Logika Programs

As we study program logic, we will use a toy language within Logika. These Logika programs use a subset of the Scala language, and include the following features:

  • Variables (booleans, ints, and sequences [which are like arrays/lists])
  • Printing and user input
  • Math operations
  • Conditional operations
  • If and if/else statements
  • While loops
  • Functions

Running Logika programs

Logika programs should be saved with a .logika extension. To run a Logika program, right-click in the text area that contains the code and select “Run Logika Program”.

Verifying Logika programs

There are two modes in Logika – manual and SymExe. In chapters 8 and 9, we will use manual mode. In chapter 10, we will use SymExe mode. You can change the mode in Logika by going to File->Settings->Tools->Sireum->Logika.

For manual mode, uncheck “Auto mode” and mark the Checker kind as “Forward.”

For SymExe mode, check “Auto mode” and mark the Checker kind as “Summarizing SymExe”.

Logika verification should run automatically as you edit Logika programs and their proofs. If a program is verified, you will see a purple checkmark in the lower right corner just as you did in propositional and predicate logic proofs. If there are syntax or logic errors, you will see them highlighted in red.

Sometimes, the Logika verification needs to be run manually. If you don’t see either red errors or a purple checkmark, right-click in the text area that contains the code and select “Logika Check”.

Example programs

This section contains four sample Logika programs that highlight the different language features.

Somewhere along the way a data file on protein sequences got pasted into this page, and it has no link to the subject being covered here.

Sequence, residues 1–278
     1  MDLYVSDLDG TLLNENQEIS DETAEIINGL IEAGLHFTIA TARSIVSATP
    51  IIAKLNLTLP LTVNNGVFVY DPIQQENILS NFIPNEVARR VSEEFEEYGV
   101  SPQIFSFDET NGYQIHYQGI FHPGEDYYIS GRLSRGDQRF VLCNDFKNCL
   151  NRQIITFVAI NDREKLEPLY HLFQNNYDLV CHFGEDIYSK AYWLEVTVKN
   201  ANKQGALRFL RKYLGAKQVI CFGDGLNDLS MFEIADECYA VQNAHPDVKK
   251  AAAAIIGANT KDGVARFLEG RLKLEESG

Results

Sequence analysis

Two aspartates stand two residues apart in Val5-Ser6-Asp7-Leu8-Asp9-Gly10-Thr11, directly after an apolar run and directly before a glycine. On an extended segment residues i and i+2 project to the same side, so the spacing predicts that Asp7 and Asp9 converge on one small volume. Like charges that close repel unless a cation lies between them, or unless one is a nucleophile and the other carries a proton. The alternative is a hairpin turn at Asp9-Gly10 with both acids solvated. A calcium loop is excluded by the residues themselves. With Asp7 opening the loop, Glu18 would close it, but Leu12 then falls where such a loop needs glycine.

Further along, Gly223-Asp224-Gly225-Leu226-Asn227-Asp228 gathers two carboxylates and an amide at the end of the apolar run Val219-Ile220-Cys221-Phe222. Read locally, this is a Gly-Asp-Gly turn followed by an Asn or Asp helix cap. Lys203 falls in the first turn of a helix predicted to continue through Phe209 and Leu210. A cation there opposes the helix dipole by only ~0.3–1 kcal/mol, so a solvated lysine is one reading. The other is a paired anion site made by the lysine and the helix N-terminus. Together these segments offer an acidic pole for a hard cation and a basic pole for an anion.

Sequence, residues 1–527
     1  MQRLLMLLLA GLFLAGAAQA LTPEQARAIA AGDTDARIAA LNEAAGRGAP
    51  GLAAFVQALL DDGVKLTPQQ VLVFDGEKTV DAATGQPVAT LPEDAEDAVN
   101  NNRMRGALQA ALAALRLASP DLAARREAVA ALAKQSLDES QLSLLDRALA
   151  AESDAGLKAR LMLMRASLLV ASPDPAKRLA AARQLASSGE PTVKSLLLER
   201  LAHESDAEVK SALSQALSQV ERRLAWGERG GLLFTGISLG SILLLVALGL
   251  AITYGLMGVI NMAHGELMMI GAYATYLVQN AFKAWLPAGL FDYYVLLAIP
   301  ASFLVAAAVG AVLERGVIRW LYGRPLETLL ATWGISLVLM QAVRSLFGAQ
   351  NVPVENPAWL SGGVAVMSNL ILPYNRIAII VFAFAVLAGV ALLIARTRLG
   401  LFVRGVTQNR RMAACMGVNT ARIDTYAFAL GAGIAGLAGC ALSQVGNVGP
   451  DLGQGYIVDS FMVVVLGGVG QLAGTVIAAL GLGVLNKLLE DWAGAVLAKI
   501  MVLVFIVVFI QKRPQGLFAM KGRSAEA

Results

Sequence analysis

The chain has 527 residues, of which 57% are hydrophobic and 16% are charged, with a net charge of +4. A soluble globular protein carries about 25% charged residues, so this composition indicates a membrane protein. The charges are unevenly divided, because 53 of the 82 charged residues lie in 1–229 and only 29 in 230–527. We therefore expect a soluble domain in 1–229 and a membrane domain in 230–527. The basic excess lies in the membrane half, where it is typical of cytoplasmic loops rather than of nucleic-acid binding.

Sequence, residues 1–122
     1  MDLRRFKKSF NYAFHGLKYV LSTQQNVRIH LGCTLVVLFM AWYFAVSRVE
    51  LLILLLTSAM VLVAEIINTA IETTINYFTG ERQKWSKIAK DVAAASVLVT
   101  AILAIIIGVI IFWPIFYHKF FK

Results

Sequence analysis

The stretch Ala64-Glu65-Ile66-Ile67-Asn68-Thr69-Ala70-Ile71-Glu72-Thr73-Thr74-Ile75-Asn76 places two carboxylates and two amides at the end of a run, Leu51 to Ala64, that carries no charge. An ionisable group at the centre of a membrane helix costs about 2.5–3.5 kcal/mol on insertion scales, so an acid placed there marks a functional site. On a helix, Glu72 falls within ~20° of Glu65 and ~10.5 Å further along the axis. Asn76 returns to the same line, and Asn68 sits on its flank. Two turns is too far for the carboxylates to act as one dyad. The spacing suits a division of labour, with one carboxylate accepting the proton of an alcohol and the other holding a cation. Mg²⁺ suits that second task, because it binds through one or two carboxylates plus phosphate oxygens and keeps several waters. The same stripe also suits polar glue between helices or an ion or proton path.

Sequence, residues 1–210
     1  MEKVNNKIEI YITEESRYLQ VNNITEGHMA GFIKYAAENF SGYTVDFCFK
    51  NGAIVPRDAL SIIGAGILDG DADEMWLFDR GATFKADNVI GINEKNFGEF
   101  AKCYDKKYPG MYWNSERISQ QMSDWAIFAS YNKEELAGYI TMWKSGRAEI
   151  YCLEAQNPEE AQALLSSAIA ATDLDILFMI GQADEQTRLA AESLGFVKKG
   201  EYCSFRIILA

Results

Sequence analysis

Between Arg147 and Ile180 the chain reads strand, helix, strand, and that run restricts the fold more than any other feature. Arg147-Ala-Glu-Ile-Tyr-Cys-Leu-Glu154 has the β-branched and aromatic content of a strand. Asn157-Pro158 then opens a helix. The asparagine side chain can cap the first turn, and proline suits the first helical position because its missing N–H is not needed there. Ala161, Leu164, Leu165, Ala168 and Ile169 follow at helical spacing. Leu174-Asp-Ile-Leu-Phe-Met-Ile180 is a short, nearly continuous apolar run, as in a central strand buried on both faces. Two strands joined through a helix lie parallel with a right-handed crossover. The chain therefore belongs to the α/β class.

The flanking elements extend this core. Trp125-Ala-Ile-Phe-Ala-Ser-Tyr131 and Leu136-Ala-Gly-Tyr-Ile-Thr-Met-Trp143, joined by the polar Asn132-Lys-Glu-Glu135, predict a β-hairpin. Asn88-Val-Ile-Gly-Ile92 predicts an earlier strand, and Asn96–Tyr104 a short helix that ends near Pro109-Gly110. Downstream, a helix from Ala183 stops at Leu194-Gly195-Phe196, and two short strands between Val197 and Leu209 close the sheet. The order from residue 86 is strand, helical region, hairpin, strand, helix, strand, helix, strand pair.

Example 1: User input, printing, operations

This first example gets a number as input from the user, adds one to it, and prints the result:

import org.sireum.logika._

var x: Z = readInt("Enter a number: ")
x = x + 1
println("One more is ", x)

A few things to note:

  • Each Logika program begins with an import statement: import org.sireum.logika._
  • The var keyword stands for variable, which is something that can be changed. Logika also has a val keyword, which creates a constant value that cannot be changed.
  • Lines do not end in semi-colons
  • The parameter to the readInt(...) function call is a prompt telling the user what to type. This parameter is optional.
  • The code var x: Z creates a variable called x of type Z – the Z means integer

Example 2: If/else statements

Here is a Logika program that gets a number from the user, and uses an if/else statement to print whether the number is positive or negative/zero:

import org.sireum.logika._

val num: Z = readInt("Enter a number: ")

if (num > 0) {
    println(num, " is positive")
} else {
    println(num, " is negative (or zero)")

A couple of things to note here:

  • The else statement MUST appear on the same line as the closing } of the previous if-statement
  • As mentioned above, the val keyword in this program means that x cannot be changed after being initialized

Example 3: While loops

Our next Logika program uses a while loop to print the numbers from 10 down to 1. This program can’t be run the way it appears below, as Logika wants you to do some verification work first. However, this program demonstrates what a while loop will look like:

import org.sireum.logika._

var cur: Z = 10
while (cur >= 1) {
    println("Next number: ", cur)
    cur = cur - 1

Example 4: Sequences and functions